FUEL: Social Issue Documentary Lives On!

Yes, that's the director's naked body.

Yes, that's the director's naked body.

If you see anything this week, SEE THIS FILM at limited engagement in NY and LA.

I am a documentary filmmaker because I want to change the world. That declaration is noble, arrogant, or foolhardy depending on how you look at it, but it’s what gets me up each day. When I consider all of the problems on this earth – inconsistent or misguided policy, mistreatment of other humans and animals, and millions of wrongful deaths wrought by greed and callousness – I don’t see how it is realistically possible for us who are blessed with plenty not to devote our lives to helping others. Whether this aid be small and impactful or large and plodding, I’ve always seen awareness and engagement as all-important and film as a vital tool to accomplish these ends.

I was impacted heavily in college by the rise of the social interest documentary. An Inconvenient Truth seemed to herald a new age of liberalism, and documentary — truth, even — was all of a sudden sexy. The model was infinitely appealing to someone yearning for change: speak to a populace who doesn’t know how uneducated they are about an issue, send out a call for change, and before you know it Congress is considering a bill and the world is reshaped anew. Michael Moore and Morgan Spurlock ran the other end of the gamut, bringing their own (however abrasive) personalities into the equation. The creativity in this new genre could be limitless! What mattered was that documentary was sexy now, and it was headed for your living room.

Working in New York, however, I quickly became disheartened. For any important issue there were multiple documentarians and multiple documentaries. Thousands of poignant films with powerful calls to action sit on DVD shelves across this city, nearly dead on arrival. A glut of poorly received films was especially tragic when they were so important and impassioned — so true.

And then there were the films that did make it. It turned out that making a doc beautiful could suck out its substance and making it like a narrative could drain any semblance of objectivity. The social issue documentary was a cliché, and a damn funny joke. I saw Cash Crop, a rambling tale of hippies enjoying weed, making money off growing it, and wishing that government and big corporations would both care more about them (not considering the fact that legalization of marijuana would put all the home growers out of business.) When the movie transitioned without comment to a village destroyed by pollution I wondered in despair if my industry’s only trick was to put a pretty face on a laundry list of complaints.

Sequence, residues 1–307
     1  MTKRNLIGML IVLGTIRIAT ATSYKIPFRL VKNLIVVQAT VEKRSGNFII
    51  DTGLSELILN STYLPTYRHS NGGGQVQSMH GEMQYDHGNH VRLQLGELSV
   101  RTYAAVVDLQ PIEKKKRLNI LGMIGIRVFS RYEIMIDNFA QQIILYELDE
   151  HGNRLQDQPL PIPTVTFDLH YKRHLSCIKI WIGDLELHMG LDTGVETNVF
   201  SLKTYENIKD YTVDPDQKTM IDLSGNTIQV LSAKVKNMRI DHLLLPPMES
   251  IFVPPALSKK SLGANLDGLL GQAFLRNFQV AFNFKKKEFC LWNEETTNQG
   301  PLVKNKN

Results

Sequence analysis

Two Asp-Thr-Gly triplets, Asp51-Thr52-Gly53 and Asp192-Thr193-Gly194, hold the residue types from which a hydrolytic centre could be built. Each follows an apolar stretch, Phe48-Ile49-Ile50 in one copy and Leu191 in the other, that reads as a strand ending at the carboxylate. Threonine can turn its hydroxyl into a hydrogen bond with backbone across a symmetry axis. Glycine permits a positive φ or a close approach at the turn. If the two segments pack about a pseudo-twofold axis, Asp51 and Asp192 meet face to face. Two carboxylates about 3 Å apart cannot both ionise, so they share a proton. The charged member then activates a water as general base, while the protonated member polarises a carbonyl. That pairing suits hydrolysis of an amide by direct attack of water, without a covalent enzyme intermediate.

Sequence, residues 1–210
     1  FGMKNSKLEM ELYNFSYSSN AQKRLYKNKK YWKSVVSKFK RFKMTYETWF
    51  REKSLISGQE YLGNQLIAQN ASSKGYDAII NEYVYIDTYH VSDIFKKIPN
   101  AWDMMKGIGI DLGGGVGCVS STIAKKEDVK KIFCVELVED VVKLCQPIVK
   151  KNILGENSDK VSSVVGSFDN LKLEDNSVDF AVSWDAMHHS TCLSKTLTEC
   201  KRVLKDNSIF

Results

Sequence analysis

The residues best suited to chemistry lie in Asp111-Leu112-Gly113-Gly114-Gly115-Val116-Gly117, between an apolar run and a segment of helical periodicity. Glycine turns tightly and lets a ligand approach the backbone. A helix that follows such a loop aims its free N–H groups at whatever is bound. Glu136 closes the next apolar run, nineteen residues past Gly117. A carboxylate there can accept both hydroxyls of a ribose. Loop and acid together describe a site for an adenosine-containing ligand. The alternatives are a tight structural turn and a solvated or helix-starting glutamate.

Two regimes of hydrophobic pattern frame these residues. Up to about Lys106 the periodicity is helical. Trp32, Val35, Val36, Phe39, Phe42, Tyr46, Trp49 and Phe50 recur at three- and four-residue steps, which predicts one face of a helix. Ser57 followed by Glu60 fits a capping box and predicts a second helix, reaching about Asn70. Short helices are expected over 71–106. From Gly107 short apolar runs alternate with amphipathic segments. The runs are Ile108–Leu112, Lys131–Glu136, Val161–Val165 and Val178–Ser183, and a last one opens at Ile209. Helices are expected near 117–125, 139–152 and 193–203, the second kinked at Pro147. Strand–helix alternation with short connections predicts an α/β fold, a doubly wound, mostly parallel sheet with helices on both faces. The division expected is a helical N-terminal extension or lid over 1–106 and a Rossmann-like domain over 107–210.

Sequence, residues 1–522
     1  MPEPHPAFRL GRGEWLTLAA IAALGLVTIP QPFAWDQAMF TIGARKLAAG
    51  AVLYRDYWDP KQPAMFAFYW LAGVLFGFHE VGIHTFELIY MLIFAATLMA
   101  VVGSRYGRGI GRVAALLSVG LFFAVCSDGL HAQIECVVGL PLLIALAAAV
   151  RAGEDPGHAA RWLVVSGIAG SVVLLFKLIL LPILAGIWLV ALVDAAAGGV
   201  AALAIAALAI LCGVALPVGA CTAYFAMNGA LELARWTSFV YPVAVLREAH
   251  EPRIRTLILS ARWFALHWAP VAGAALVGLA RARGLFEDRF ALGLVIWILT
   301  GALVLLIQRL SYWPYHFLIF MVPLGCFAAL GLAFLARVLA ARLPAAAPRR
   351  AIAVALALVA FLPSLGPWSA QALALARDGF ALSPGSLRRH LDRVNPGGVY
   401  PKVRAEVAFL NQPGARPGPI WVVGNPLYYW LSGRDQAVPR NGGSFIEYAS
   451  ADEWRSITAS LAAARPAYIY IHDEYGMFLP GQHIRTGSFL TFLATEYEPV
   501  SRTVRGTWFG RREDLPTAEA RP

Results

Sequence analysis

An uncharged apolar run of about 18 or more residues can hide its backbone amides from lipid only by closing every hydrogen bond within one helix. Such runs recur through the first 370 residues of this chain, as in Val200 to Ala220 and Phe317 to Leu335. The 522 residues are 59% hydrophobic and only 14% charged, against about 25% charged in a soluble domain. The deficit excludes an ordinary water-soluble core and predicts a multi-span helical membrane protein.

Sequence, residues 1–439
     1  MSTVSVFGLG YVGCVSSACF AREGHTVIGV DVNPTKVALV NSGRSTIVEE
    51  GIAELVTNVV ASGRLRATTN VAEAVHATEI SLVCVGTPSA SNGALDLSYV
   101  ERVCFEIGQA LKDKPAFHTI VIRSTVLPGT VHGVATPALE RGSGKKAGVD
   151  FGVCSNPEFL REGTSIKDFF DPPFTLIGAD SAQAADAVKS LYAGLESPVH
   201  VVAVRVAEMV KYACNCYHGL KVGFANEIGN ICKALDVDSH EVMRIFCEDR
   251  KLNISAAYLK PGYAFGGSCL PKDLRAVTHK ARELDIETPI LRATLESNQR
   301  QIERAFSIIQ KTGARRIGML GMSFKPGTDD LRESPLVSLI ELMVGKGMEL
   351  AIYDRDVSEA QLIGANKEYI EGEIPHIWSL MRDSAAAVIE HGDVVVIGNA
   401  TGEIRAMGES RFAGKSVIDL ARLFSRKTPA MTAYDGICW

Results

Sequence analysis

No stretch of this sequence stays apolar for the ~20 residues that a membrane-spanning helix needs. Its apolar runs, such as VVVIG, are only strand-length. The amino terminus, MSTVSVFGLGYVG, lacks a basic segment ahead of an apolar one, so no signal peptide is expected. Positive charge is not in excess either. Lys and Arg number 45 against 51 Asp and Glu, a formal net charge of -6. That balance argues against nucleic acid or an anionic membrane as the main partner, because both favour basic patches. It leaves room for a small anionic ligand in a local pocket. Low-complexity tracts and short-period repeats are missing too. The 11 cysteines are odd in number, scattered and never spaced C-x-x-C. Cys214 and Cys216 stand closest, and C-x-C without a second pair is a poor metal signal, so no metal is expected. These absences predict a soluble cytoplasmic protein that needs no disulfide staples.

Food, Inc. was another ultimate disappointment, sweeping across a complex web of government tyranny, corporate greed, and the failing of our capitalist system only to tack on a quick message of hope that left me pretty much hopeless.

Today, I have a renewed hope in our genre and the ability of film to stand up and Do. Fuel derives its optimism from the voice of director/actor/activist Josh Tickell, who has been fighting for adoption of biofuels for over a decade with a patient confidence and true passion for life. Even as he admits that his early work was fueled by hatred toward big oil, his style of activism shares no DNA with the entitled finger-pointing you may have seen elsewhere. In the Q&A after the movie he spoke to his own transformation from anger to excitement about environmental issues, and how this shift has mirrored the environmental movement as a whole; where being an environmentalist used to mean reacting to this oil spill or that abuse, shouting at Congressmen for each abuse, it is finally becoming less reactionary and more constructive. Environmentalists are, in large part, being handed the keys to our future and asked to come up with something good – and that shift is something this film rejoices.

The movie’s core is Tickell’s personal story as his family was affected by oil pollution and he came to define his own path of activism: at one point, he drove around the country several times in a truck powered by biodiesel. The inclusion of his family and dozens of other voices paints a human picture, while his crisp narration lays out the landscape with perfect precision. But most of all, the film tells us that there is hope, there has been change, and you can and will be a part of it, says the film.

I also learned a ton. Apparently the Supercapacitor battery is the future. People interested in environmental activism can meet for green drinks, a monthly meetup active in 610 cities that can bring as many as 400 people per meetup. The war on Iraq is very expensive and if we spent even a teeny fraction of that money on renewable energy we wouldn’t have an energy problem. Algae fuel is the future; it can be grown in vats in the desert, sucks CO2 out of our environment, burns clean, and smells like vegetables! Back in the day Republicans were less responsive to the filmmakers but these days the environment is a bipartisan issue.

If you can, GO SEE THE FILM! It will stay in NYC and LA for as long as they can fill seats, and with enough critical mass this is a film that shouldn’t have much trouble doing that. So thank you for a new hope for the genre; it’s refreshing and needed. Now Josh, do you think you can make a movie about healthcare?



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